As you learn more about how databases work, you will need to understand the design principles that underpin a good clustered index. We need to discuss how SQL Server stores clustered indexes. Basically, all table data is stored in 8 KB data pages. When a table contains a clustered index, the clustered index tells SQL Server how to order the table’s data pages. It does this by organizing those data pages into a B-tree structure, as illustrated.
It can be helpful, when trying to remember which levels hold which information, to compare this structure to an actual (upside-down) tree. You can visualize the root node as the trunk of a tree, the intermediate levels as the branches of a tree, and the leaf nodes as the actual leaves.
The leaf nodes of the B-tree is always level 0, and the root level is always the highest level. The illustration shows only one intermediate level but the number of intermediate levels actually depends on the size of the table. A large index will often have more than one intermediate level, and a small index might not have an intermediate level at all.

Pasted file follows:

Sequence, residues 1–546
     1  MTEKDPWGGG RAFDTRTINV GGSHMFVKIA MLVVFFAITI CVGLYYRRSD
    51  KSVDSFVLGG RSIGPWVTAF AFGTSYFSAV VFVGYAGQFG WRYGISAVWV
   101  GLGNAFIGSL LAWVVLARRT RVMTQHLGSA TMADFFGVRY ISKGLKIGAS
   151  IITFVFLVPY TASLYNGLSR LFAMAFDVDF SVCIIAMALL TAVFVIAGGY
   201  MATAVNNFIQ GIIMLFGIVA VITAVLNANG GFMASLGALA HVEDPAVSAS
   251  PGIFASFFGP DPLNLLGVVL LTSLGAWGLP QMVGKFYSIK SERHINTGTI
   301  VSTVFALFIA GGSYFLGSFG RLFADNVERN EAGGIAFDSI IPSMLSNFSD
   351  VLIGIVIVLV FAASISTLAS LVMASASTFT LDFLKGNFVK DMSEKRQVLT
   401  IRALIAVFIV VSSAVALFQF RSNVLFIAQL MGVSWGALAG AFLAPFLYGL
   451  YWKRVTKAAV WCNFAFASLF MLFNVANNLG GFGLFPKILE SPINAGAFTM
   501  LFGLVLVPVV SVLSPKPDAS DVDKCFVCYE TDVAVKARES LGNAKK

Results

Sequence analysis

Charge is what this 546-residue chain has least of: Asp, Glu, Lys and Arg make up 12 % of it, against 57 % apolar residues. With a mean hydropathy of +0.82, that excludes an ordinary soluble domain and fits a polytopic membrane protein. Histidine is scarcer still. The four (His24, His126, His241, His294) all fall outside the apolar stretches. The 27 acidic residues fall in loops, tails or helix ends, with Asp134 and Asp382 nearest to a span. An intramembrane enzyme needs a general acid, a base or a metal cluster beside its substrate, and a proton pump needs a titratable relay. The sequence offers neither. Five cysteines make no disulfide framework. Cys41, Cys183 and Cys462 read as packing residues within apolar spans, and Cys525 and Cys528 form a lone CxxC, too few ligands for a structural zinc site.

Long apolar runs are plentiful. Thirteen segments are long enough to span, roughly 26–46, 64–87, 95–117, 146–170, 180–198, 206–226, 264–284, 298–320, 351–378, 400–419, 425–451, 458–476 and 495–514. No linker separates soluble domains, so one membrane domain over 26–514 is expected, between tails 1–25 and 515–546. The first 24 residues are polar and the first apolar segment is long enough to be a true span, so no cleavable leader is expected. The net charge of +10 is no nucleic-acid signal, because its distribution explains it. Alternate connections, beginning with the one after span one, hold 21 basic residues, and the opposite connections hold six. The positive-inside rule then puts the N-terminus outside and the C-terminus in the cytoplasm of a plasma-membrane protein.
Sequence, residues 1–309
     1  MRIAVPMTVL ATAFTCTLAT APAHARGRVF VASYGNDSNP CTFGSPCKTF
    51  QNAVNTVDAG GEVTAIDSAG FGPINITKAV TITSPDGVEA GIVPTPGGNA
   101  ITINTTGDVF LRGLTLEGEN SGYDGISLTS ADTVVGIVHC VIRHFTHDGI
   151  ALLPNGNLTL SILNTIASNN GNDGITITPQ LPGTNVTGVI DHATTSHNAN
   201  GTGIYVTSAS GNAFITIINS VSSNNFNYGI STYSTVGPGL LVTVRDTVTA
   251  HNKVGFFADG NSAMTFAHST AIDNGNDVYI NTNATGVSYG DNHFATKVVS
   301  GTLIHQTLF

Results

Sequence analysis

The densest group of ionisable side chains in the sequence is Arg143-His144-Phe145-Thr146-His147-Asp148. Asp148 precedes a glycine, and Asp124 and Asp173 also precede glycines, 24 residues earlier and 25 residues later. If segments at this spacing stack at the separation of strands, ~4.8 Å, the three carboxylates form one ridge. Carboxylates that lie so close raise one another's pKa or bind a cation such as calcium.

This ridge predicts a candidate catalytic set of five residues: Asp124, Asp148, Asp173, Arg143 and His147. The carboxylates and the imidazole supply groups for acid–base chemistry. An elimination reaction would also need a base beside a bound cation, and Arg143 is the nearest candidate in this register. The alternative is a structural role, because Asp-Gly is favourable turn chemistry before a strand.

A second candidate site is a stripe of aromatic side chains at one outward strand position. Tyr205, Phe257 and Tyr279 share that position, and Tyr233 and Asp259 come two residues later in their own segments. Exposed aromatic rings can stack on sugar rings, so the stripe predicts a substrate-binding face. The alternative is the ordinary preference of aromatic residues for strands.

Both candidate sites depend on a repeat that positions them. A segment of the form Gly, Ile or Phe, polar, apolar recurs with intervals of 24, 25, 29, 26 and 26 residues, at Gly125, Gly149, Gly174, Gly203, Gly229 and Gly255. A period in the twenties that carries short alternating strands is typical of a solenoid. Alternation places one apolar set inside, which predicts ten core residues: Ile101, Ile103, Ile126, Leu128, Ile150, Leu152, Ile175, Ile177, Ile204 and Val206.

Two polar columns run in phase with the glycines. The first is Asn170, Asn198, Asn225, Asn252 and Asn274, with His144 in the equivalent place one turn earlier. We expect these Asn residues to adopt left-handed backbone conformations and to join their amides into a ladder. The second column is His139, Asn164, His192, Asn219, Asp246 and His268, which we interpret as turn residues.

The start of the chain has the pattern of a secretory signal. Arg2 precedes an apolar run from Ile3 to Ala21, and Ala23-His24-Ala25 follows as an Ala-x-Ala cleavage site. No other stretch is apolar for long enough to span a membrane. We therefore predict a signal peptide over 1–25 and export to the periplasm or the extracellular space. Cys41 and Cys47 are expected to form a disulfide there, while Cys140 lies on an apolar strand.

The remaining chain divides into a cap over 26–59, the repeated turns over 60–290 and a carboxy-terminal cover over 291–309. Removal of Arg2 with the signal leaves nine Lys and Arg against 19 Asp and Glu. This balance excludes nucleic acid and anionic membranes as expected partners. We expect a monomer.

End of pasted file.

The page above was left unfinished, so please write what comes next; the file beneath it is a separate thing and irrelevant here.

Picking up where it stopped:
Index pages in the root and intermediate levels contain the clustering key and a page pointer down into the next level of the B-tree. This pattern will repeat until the leaf node is reached. You’ll often hear the terms “leaf node” and “data page” used interchangeably, as the leaf node of a clustered index contains the data pages belonging to the table. In other words, the leaf level of a clustered index is where the actual data is stored, in an ordered fashion based on the clustering key.
The purpose of an index is to allow the database engine to traverse the index, finding the rows required for the query as quickly as possible, so the results can be returned to the query process as quickly as possible. This structure means the root page tells SQL Server which intermediate level page to read, and the intermediate page tells it which specific leaf level page to read.